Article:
"The PTRC has over 18 years of experience managing CO2 monitoring and storage -- formerly through its management of the IEA GHG Weyburn-Midale CO2Monitoring and Storage Project and a two year program called SaskCO2USER, which expanded upon the datasets created at Weyburn to further examine such things as wellbore integrity during CO2 storage, and minimum datasets for assuring safe storage in oilfields. And how the PTRC was engaged in the same capacity in Estevan with Boundary Dam CO2 storage program with Aquistore. We have been involved with that project for the last 5 years and have been assigning the same researchers and applying what we learned from Weyburn."

MacLean goes on to share how important it is to hear another voice in the mix with regards to the oil and gas industry on how innovative Saskatchewan is.

The Chamber Lunch is Wednesday, April 17th at 11:45 am.

April Public Offering for Oil and Natural Gas Brings in $1.5 Million

The first public offering of Saskatchewan’s Crown petroleum and natural gas rights, for the 2019-2020 fiscal year, raised a total of $1.5 million.

The offering was largely based in the Swift Current area, claiming 14 of the 38 leases sold and taking in $914,349.97. Kindersley picked up 4 leases totalling $204,927.13, Estevan 11 leases for $245,288.91 and Lloydminster had the remaining 9 leases totalling $192,916.74.

The April 9, 2019 public offering brought in an average of $278.33/hectare, which is the highest average price-per-hectare among the western provinces.

In comparison, the previous and final public offering for the 2018-2019 fiscal year held on Feb 5, 2019, brought in just over $10 million, averaging $669.53/hectare.

At the recent public offering, Millennium Land (444) Ltd. made the top bid, spending $416.196.81 for 4 parcels of land. Additionally, they purchased 128.360 hectares of land for $221,322.02, paying more than five times the average at $1710.90/hectare.

The next public offering is scheduled for June 4, 2019.

Optimistic Yet Modest Outlook for Kindersley Oil Projects

Spring break-up is underway in the oil industry and one company says they will be getting back to business as early as the end of the month, however, not at full-force. Baytex Energy Corp. has stated with multiple variables adding to the uncertainty of the future of oil in Canada, they are still proceeding with caution.

The company merged with Raging River Exploration Inc., who focused a lot of their efforts within the Kindersley area last year. The merge diversified both companies, but will likely mean a drop to work in Kindersley.

“We’ll see a slight drop in our activity levels, I’d say around 80 per cent of the capital programs we used to run,” said Chad Lundberg, Vice President of the Viking Business Unit for Batex Energy.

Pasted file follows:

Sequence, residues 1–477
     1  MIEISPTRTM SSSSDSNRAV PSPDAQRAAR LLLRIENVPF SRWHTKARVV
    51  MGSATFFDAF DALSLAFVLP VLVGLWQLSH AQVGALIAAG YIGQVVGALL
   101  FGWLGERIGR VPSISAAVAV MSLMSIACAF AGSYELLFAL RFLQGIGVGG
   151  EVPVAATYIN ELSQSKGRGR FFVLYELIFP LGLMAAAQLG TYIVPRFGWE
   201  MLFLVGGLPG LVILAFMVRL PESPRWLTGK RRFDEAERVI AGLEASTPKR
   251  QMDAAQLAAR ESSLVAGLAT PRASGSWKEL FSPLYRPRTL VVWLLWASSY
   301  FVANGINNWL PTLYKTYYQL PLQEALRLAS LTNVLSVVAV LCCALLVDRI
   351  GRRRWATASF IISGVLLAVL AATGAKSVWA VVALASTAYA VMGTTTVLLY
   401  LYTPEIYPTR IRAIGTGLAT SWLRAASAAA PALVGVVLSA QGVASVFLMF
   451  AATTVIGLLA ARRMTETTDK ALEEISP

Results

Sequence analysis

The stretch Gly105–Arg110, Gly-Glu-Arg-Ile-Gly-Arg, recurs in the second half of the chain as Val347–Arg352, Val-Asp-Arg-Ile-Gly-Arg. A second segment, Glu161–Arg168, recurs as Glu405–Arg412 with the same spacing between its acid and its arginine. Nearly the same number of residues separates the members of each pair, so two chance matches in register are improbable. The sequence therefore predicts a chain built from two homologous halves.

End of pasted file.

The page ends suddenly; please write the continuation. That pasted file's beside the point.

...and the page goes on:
However, Lundberg outlined they are shifting their focus towards the Viking as a key cash-flow development property. An estimated $260 to $270 million is set to be invested next year as capital program for Baytex, which would be centred around the Kindersley area.

Lundberg said they are expecting to have frack crews out by the end of April or beginning of May and drilling crews will be deployed by the May long weekend, at “moderate force”.

“Bill C-69, bill C-48, the carbon tax, pipeline egress and being that it’s an election year, all play big roles in what may be coming our way,” said Lundberg. “We have capital positioned and ready to go if politics and policies prove to be encouraging, but it could also stay parked if no solutions are made”.

He shared that it is the uncertainty that is leaving their hands tied, not knowing if more rail cars are coming or if any of the three pipelines, Enbridge Line 3, Keystone XL or the Trans Mountain Pipeline, will come into fruition.

The set back on Enbridge’s Line 3 project ruptured the optimism to get oil south of the border into the U.S. “We were really cheering that pipeline on and we were expecting it later this year, but now it’s been pushed back into maybe the last of next year and it just creates more uncertainty. We really need line 3 to move forward,” said Lundberg.

While they bring crews back into the area in moderate force in a few weeks time, Lundberg said they will be waiting for clarity on a number of topics before ramping up business in the area. However, opportunities in Texas are abundant and any hold-backs in Saskatchewan will be made up for south of the border, but Lundberg said they are dedicated to Canada.